Former head of Y-Combinator, Sam Altman, recently tweeted this:

As a former product manager I think this is probably also true for products. Rate of iteration is key. Rate of iteration is key because every iteration you’re testing a hypothesis. Roughly speaking, the more hypotheses you’re able to test (provided they’re good hypotheses) the better shape you’ll be in.

When is a product idea validated?

A hypothesis can be validated or invalidated. Your product idea, before you talk to anyone, is just a hypothesis. It’s just a test. You should treat it as just a test.

The point of “getting out of the building” is to validate or invalidate hypotheses about your product, your market, your user, your business model etc.

Your product is validated when you’ve iterated on the hypotheses that define your idea and you’ve proven that they’re all true. You can do this before you build the product.

The difficulty is that not every experiment yield a binary validated/invalidated result. If people sign up for your email list, does that mean your product is validated? The answer is: a little bit. Here is an ugly drawing of how I think about this.

If your friends like your product idea -- that doesn’t mean anything. If strangers give up their email address, that’s slightly better, but still not great.

What we’re trying to figure out, ultimately, is whether there’s a sustainable business model contained within this idea of yours. The holy grail of validation is of course: Getting people to pay. And you can get people to do this before you build.

That’s exactly what I’m going to try to do.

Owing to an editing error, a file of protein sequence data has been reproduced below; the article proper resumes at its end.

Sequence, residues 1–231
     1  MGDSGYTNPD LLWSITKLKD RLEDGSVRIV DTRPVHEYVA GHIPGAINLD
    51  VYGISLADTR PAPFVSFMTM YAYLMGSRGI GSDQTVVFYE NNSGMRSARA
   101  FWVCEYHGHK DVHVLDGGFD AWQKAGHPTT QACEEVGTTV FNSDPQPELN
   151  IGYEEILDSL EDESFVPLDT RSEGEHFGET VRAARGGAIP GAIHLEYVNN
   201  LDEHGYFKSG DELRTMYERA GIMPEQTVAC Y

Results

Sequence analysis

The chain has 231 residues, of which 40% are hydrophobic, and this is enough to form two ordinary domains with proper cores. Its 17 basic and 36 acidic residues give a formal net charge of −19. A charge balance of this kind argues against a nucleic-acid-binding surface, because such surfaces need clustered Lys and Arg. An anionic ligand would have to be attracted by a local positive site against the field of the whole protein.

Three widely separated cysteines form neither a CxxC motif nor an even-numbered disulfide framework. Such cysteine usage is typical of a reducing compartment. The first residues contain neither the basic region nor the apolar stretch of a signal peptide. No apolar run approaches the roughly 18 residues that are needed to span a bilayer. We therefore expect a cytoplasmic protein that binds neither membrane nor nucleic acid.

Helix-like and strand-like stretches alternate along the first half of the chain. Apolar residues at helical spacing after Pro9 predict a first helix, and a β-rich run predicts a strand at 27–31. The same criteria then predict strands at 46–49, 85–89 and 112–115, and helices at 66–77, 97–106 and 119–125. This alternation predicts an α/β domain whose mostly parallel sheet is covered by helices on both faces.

I’m leaning slightly towards products, as opposed to services, because I enjoy building things. So I will orient myself towards product ideas while keeping my eyes open for services and productized services.

So the goal is to arrive at a validated startup idea and I will measure this by the amount of pre-orders I generate.

To increase my odds of achieving the goal, the approach I want to leverage is to maximize the amount of iterations I can do.

Most participants I’ve seen are going to build a product during the 24 hr period and @patwalls has said that doing some research prior is okay. So I think it’s okay to do some validation prior to starting.

So instead of starting with one idea, I want to test out different ideas before I start the challenge. In order to maximize the amount of iterations I can do I want to:

Target markets where I can iterate quickly

What do I mean by that. I want to target people with whom I can easily jump on a call with or chat with in the build up to the 24 hr challenge and especially during the challenge itself.

Here’s an ugly drawing of how I’m thinking about this currently:

If I were to target a certain type of market with certain problem, but it would take me a week just to get them on the phone, I won’t be able to iterate quickly.

I’d rather select my target market beforehand based on which target market can I iterate quickly with. These need to be people that by virtue of what they do for a living are very responsive, often online etc. Perhaps salespeople? I’m not sure. That’s one of the first steps to figure out :)

My ideal scenario is that I start the 24 hour challenge with some pre-orders in my bank account and some of my pre-order clients a phone call away to iterate on the product with me.

There are some more criteria I have for my target market to increase my odds. For that I encourage you to tune in to my live stream later today where I’ll go over these criteria and brainstorm market ideas.

I will start a stream today some time after 1 PM UTC. Stay tuned! (opens in a new tab)